Best Record Sleeves: September

Vinyl releases from Call Super, Laurel Halo, Shackleton, Public Possession and more make the grade. 

Apologies for this column landing deeper into October than it should have; the majority of September was spent on a much-needed holiday in the US Pacific Northwest. Upon my return it became apparent that a trend for monochrome artwork dominated throughout the weeks of September, or at least they were the sleeves and designs that truly stood out, which is reflected in the majority of the selections here.

A case in point was Migrant, the new Call Super record for Houndstooth. Joseph Seaton’s music under the name has featured prominently in this column since he aligned with Houndstooth and his latest 12″ for the label merited inclusion once again. Migrant saw Seaton working with plusyes, aka fabric’s in-house designer Roberto Rosolin, and captures the eye immediately thanks to a distinctive black and white patterned print on the cover complemented by some bold and unique looking font. The 12″ also feels like one of the most satisfying records of recent times to hold in your hands.

Three releases into the Deliverance series and it is clear Shackleton has found himself a new visual muse in the form of Jürgen ‘Strawalde’ Böttcher. The pair have actually been working together infrequently in various forms for the past five years, even performing together as part of Berlin Atonal last year, but it is nice to see their artistic relationship develop via Shackleton’s label. By their very nature, Böttcher’s improvised experiments with paint for the Deliverance series retain a loose sense of visual consistency, but each offers a welcome new chance for the imagination to run wild.

Bedouin Records were always likely to feature in this edition thanks to the fact they elected to release three 12″s at once last month, with each of the records more than a worthy candidate for inclusion. After weighing them all up, the Keep Your Mind Open 12″ by Hieroglyphic Being & The Truth Theory Trio stood out the most thanks to the label’s decision to commission LA artist Cleon Peterson. Continuing the striking themes explored on the LA-based artists series Practice Of Masters, Peterson’s artwork is no less powerful when displayed on a format smaller than the prints or gallery walls it normally adorns,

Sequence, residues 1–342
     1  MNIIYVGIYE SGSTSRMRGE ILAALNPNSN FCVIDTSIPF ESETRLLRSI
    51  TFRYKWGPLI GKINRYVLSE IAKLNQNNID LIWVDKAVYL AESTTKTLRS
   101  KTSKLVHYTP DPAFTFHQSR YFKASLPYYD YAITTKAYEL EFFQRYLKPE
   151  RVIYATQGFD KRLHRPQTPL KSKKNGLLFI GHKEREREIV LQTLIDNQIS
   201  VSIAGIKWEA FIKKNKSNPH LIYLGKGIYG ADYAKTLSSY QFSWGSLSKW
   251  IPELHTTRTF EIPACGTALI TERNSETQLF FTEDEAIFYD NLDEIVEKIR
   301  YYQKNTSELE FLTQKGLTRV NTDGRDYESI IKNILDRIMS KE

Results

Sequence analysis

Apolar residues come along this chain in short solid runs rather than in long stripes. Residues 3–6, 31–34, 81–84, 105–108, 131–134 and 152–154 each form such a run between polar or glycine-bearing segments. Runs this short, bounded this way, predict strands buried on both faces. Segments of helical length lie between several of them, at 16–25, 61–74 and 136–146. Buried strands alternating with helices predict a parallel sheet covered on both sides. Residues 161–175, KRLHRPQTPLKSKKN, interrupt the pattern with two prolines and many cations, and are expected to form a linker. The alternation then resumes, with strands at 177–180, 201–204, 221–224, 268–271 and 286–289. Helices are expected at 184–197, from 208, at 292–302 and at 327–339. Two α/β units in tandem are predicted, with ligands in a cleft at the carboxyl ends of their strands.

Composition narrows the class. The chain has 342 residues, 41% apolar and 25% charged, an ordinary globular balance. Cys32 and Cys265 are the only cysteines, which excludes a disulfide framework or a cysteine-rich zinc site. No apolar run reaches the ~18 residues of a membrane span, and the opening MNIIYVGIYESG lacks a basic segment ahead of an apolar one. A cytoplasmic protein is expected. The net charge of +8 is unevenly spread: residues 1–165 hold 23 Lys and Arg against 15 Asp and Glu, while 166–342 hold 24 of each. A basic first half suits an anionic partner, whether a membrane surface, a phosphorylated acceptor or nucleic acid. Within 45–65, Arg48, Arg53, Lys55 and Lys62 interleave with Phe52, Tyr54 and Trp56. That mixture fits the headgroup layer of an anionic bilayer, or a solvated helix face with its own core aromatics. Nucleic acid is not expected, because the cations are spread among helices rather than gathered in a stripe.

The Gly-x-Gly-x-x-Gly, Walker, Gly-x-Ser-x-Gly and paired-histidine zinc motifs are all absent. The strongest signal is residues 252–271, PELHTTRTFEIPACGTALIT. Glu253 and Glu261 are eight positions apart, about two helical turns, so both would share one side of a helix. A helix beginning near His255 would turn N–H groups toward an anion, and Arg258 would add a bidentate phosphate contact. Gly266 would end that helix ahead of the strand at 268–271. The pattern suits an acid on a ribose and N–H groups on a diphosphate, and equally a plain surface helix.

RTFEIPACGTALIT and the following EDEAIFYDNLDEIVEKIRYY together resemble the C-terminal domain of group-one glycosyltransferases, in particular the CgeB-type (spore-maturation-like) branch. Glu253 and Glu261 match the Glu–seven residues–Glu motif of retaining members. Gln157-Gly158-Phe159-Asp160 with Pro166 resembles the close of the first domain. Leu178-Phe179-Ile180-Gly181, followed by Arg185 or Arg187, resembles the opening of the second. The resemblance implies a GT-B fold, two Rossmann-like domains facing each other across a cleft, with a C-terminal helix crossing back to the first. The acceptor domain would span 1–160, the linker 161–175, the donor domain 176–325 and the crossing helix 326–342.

As promised, some colourful selections with the welcome return of Laurel Halo leading the way. The Ann Arbor native pitched up on Honest Jon’s last month with a double EP of new material and In Situ looks every bit as impressive as the eight tracks sound. Will Bankhead took a simple, understated approach to the layout and design of the record, leaving the gaze to bask in the oil-soaked alien terrain courtesy of Phillip Aumann.

The work of Rochester, New York-based illustrator and designer Andy Gilmore is among the most immediately recognisable in the field of sleeve design. His richly detailed geometric compositions have brought an extra element of ‘pure wow’ to records by Gold Panda, Africa Hi-Tech, and Helios, in recent times. A commission to work with Seattle’s Further Records for their recent Jonas Reinhardt album Palace Savant saw Gilmore scaling back his kaleidoscopic impulses somewhat for a design of glowing concentric circles that pulsed with warmth.

We shall finish the selections with Munich’s Public Possession, a collective with a very distinct, humour-laden approach to design that seeps through everything they put their hands to. When it comes to their records, Public Possession don’t always go down the full artwork route but when they do the results are quite luxurious. The design for the label’s second release from Obalski tapped into the artist’s undoubted eccentricities (this is a man with a penchant for sampling Chevy Chase) with impressive results.

All selections by Tony Poland

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